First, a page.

Anders was a cavalry officer during the outbreak of war and like many units fighting against the German blitzkrieg, he retreated to the East along with what was left of his cavalry brigade. When the Soviets invaded Eastern Poland, Anders was imprisoned and tortured by his captors. He was then released in 1941 to command a new Polish army to fight alongside the Soviets. Shortly after its creation, the Anders' Army would desert their Communist command and escape South through the Persian Corridor into the British-controlled Middle East. Once reunited with the Polish government in exile in the UK, Anders' Army would form the core of the new 2nd Polish Corps that would fight extensively in the Italian Campaign. Under his command, the 2nd Polish Corps would fight the Germans in the Battle of Monte Cassino, Battle of Ancona and Battle of Bologna. It was under his command that the stubborn defense of Monte Cassino would finally fall. After the war, Anders would be denied entrance to his now Soviet-controlled homeland and would live in exile in the UK for the remainder of his life. After the collapse of Communist Poland in 1989, his citizenship and military rank were posthumously reinstated.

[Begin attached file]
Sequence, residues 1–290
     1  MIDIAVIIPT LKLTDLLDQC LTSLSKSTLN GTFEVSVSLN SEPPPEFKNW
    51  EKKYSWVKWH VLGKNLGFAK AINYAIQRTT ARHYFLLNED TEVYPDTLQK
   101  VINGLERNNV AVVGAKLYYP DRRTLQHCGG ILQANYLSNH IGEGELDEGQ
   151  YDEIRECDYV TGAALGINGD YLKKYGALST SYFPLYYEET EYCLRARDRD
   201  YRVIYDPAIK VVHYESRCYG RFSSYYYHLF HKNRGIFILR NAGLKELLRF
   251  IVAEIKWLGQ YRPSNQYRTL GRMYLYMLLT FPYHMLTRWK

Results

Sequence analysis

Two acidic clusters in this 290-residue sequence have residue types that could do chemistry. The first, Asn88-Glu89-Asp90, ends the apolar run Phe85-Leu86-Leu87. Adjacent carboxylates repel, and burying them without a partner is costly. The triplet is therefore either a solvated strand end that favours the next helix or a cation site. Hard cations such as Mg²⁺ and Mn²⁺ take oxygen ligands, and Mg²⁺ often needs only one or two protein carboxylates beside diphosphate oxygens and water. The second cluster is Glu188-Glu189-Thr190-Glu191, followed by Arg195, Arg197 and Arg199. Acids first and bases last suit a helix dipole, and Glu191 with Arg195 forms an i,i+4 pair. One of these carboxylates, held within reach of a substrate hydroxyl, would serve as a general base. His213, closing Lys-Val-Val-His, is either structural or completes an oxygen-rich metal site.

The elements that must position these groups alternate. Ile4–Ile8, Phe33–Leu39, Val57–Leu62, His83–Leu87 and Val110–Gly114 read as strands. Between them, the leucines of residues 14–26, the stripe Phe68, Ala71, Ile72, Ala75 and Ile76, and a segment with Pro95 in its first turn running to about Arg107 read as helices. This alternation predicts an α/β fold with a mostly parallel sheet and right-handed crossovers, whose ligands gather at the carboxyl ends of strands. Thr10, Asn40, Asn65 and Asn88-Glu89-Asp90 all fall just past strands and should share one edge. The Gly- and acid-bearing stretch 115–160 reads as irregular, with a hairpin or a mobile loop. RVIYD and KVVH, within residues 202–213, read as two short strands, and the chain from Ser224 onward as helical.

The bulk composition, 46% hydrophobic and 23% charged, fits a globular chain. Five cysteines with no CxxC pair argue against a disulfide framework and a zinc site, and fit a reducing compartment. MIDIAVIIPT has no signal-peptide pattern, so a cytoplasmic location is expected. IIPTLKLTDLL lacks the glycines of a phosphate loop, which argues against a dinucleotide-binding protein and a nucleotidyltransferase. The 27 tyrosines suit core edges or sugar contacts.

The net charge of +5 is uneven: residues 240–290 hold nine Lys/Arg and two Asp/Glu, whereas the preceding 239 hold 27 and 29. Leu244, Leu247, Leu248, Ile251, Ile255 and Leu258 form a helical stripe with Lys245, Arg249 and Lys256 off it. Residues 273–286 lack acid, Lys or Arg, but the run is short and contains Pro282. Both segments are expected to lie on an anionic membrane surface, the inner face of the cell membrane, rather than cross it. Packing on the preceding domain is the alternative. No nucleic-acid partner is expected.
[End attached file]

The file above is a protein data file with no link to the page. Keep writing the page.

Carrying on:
Another brave commander that fought against his homeland's enemies whoever they may be,
Bust at the Polish Army Museum